FOR MANY RIDERS, 650cc is a sweet spot, enough power to be thrilling, yet not overkill. Lightweight and nimble, easily flicked and fits well into small spaces. In addition, they are economically sound in purchase price, maintenance costs and fuel economy. What’s not to love?
The folks at Kawasaki have crushed this displacement with the 649cc Vulcan S, KLR, Versys and Ninja, but felt they needed something with a different attitude. To hear them tell it, the new Z650 is not in competition with their other bikes. In fact, their research shows that 70 percent of buyers who are considering a sportbike will not cross-shop a naked bike, and vice versa. For 2017, the Z125 Pro takes up the entry-level, urban-mobility mantle, the performance standard Z1000 and Z800 are simultaneously being replaced by the new Z900, and Kawasaki has positioned the new Z650 smack in the middle of the lineup— perfect for both entry-level and experienced riders. Marketing speak enthusiastically expresses the bike’s design as elegant, flowing, dynamic, minimalist, condensed, nimble, muscular, and sculpted.
It is designed to be functional, stylish, comfortable, easy to ride and to entice new riders. Kawasaki’s day-long route from its new Southern California headquarters included several well-known local motorcycle roads. After a bout of rain and a few photo stops, we paused for human fuel at the Lookout Roadhouse, off Ortega Highway. Afterward, we headed up Pacific Coast Highway, returning through rush hour traffic in the late afternoon. The circuitous route painted a precise circle around my home and covered frequently traveled roads, making me long for infinitely less traffic.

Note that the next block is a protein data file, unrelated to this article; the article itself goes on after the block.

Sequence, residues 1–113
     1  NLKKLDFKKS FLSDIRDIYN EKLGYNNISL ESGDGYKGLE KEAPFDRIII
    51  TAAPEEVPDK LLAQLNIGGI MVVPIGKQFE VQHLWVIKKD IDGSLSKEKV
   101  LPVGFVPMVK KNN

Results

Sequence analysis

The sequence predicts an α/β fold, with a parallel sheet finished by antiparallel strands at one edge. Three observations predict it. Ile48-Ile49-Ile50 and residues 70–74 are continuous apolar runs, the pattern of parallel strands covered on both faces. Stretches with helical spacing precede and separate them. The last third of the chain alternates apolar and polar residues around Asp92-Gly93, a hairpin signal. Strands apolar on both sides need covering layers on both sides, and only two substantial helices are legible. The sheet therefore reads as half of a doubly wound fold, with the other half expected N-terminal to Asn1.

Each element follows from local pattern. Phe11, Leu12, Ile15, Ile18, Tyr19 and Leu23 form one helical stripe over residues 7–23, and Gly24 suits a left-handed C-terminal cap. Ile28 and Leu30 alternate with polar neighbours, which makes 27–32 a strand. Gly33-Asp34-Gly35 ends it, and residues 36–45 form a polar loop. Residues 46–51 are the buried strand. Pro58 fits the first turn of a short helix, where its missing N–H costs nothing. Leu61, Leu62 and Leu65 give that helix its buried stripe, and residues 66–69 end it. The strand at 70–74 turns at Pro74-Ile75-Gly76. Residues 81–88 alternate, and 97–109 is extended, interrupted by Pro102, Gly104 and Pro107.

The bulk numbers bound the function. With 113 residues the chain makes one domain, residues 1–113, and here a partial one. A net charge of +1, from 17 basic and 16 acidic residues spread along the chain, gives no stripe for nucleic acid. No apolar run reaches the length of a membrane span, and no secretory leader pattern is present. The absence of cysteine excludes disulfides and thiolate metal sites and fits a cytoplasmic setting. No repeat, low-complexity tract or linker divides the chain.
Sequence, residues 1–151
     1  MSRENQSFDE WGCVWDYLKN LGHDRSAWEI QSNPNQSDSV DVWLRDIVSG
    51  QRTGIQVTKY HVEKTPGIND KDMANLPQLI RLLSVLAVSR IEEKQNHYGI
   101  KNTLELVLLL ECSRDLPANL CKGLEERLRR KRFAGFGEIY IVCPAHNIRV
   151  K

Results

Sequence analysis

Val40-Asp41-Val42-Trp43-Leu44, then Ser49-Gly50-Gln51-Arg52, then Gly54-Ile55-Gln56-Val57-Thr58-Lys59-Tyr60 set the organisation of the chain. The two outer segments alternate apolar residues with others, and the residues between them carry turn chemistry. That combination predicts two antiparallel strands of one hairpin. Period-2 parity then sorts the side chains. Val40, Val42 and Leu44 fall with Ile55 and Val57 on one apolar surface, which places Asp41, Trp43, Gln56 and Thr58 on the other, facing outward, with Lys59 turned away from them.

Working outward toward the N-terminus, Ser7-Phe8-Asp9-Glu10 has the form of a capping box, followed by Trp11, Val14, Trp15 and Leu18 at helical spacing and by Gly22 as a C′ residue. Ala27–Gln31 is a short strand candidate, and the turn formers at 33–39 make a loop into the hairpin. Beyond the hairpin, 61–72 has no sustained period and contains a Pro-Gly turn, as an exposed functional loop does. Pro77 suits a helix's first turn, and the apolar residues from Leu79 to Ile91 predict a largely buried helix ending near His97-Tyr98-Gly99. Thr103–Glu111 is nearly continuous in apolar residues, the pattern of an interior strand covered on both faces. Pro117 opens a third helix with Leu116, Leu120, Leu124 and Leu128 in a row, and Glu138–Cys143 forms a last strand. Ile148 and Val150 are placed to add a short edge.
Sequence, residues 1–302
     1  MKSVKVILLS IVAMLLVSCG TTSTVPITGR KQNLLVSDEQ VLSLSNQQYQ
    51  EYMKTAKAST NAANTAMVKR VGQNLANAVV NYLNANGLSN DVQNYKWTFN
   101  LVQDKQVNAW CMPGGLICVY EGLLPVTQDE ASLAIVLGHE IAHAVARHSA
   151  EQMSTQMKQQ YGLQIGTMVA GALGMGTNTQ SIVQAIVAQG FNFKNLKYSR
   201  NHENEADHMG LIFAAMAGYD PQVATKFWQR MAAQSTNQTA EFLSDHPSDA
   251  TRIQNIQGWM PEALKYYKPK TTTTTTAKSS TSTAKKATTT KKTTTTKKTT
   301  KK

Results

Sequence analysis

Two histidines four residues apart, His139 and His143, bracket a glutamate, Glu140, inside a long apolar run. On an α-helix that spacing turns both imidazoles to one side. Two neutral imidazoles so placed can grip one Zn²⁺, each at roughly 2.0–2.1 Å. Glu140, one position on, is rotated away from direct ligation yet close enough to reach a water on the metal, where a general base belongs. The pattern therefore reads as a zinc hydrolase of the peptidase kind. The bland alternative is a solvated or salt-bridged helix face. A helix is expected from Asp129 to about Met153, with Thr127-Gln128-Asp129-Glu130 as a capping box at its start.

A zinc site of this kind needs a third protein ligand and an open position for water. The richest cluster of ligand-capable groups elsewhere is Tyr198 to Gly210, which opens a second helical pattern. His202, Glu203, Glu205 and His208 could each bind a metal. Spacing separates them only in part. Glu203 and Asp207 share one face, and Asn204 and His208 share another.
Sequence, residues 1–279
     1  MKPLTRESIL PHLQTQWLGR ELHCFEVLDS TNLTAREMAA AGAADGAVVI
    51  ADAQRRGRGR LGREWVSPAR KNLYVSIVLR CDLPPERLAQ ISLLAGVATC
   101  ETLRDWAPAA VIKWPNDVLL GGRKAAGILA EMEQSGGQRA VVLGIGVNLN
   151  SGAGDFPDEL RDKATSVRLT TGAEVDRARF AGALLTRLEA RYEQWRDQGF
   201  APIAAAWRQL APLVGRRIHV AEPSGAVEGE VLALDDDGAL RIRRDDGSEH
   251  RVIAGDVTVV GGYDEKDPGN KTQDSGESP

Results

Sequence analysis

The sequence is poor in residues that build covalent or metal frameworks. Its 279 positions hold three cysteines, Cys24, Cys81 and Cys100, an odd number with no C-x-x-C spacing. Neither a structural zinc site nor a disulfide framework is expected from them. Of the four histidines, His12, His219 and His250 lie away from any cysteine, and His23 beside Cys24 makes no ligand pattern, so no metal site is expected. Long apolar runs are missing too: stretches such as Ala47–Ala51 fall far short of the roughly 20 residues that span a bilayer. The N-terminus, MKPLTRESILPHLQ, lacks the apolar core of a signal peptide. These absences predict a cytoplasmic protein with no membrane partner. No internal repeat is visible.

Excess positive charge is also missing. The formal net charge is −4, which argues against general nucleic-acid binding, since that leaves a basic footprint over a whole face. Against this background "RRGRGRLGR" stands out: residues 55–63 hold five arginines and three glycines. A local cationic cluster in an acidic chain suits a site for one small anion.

The white 650 variant has a contrasting lime green trellis frame that uses the engine as a stressed member. On the blacked-out version, the frame is color matched to the bike. Kawasaki used digital stress mapping technology to optimize the frame for ideal lateral and torsional rigidity. In addition to stress dispersion, the frame design focused on weight reduction, as does the hollow-pressedsteel gull wing-style swingarm, leading to a claimed weight of 410 pounds with its 4-gallon tank full of fuel. Wedging the emissions equipment snugly up under the midsection also lowers the center of gravity and gives the bike a sleek and narrow appearance.
Like many new 2017 models, the Z650 has an updated powerplant, tuned for strong midrange power and Euro4 compliance. In practice, the motor had good response, revved quickly and was a joy in the variety of riding conditions we threw at it. Another welcome feature was the assist and slipper clutch, which made short work of clutch pull and eased engagement while shifting in both directions. The seat is a hair under 31 inches high, and puts the rider down inside the bike for nimble handling. Unfortunately, it doesn’t allow for much movement around the cockpit, which became uncomfortable for my 6-foot frame after a day in the saddle.
Below the belt, Dunlop Sportmax D214 tires, KYB suspension and Nissin brakes with a Bosch ABS feed all of the meat to the grinder—a sporty package offering only minimal adjustment via rear preload. The new instrument panel features a gear indicator as well as user-selectable tachometer display styles and upshift indicator points—fancy features for a moderately priced, medium displacement naked bike. The sticker price of only $7,399 with ABS should make the Z650 extremely competitive in this segment. We are looking forward to running a full performance review. MCN Kawasaki’s new Z650 targets performance and style-conscious, first-time buyers, but skilled riders will also appreciate it.
Kevin Wing photo